End of an era for Pointe Claire politics

After 23 years as councilor and mayor, Bill McMurchie will not seek re-election

By Kevin Woodhouse

Like his political career, Pointe Claire Mayor Bill McMurchie entered the council chambers this past Monday afternoon at exactly two when his scheduled press conference was supposed to start. After lauding councilors past and present as well as the city’s administration, McMurchie told assembled media that he would not be seeking re-election in November and will retire once the new Pointe Claire mayor is officially sworn in.

McMurchie grew up on a farm in Saskchachewan and worked his professional life as a city assessor for Pointe Claire and then as deputy director for the Montreal Urban Community’s Assessment Department before becoming a councilor for the Cedar Park district in 1990. After serving a councilor for eight years, McMurchie served as mayor for four terms, the last two he was acclaimed.

“Pointe Claire has always been governed by a council and not a party in order to independently represent the eight districts,” said McMurchie. “While each councilor had an independent voice, we would vote in consensus and never fought in public.”

McMurchie stated that he found that “the job of a mayor was simple: create, within council, ways to freely express opinions based on the best overall interest for the city and its residents. We were not politicians but your neighbours, chosen by the citizens to handle and administer the $135 million budget for the city.”

When noting his career highlights, the longtime mayor said that winning his first election against two opponents but “seeing the chair that had Ville de Pointe Claire at the city of Montreal’s agglomeration council made up of 29 municipalities. I woiuld never have traded places with any other municipality.”

McMurchie also spoke about the 2004 referendum where citizens voted by an 11:1 margin to return to being a city and not a borough of Montreal.

“This decision has proven to be a wise one,” McMurchie said.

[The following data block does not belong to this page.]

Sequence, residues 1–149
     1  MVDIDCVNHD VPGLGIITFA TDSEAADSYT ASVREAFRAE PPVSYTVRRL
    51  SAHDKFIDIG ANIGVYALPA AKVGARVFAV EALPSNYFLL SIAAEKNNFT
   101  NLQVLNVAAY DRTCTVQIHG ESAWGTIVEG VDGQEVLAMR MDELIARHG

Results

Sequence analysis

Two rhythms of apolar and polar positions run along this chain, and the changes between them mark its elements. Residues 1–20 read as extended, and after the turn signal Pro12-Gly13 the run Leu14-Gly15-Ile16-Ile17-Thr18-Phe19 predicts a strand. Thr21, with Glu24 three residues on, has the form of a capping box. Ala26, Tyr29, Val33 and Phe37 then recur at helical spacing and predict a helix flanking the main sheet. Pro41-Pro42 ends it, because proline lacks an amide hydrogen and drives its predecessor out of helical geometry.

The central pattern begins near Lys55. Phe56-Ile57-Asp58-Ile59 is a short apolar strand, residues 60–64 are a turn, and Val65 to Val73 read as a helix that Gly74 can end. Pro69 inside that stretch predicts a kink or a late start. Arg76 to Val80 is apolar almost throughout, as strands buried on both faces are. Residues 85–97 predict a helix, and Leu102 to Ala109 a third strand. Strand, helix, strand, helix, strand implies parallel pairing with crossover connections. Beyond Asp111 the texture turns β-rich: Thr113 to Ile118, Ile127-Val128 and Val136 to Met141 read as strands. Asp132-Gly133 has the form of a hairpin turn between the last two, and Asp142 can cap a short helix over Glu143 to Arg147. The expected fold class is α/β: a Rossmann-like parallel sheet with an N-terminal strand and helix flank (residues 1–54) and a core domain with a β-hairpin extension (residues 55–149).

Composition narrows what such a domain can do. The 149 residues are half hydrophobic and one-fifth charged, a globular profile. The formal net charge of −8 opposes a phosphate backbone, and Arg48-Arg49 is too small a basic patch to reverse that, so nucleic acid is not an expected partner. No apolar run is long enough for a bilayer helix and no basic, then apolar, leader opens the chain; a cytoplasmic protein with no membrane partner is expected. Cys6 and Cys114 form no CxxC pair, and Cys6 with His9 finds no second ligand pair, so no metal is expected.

He also credited his wife Laura Denise for 54 years of marriage, three children and five grand-children and for “possessing a phenomenal memory with the capacity for instant recall that helped with names and phone numbers and agendas over the years as I would always draw a blank,” quipped McMurchie.

As a way to describe his wife’s influence, McMurchie spoke about meeting a constituent after an election and he was quite sure the gentleman had voted for him.

Shyly, McMurchie thanked the resident, who told him that “I didn’t vote for you, I voted for Denise.”

McMurchie did not cite health reasons or wanting to spend mor etime with family as to why he is not seeking re-election but after 56 years of professional and municipal life, “I have never experienced retirement and I look forward to meeting that challenge,” McMurchie said.

When asked if he would be supporting any candidate for mayor, McMurchie told The Suburban that to date, no one has presented themselves and that he had “no intention of getting involved in the next campaign as the citizens are more than capable of electing representatives.”

McMurchie also thanked the media for their balanced coverage as he took on the role of city spokesperson for the last 15 years since he began as mayor.

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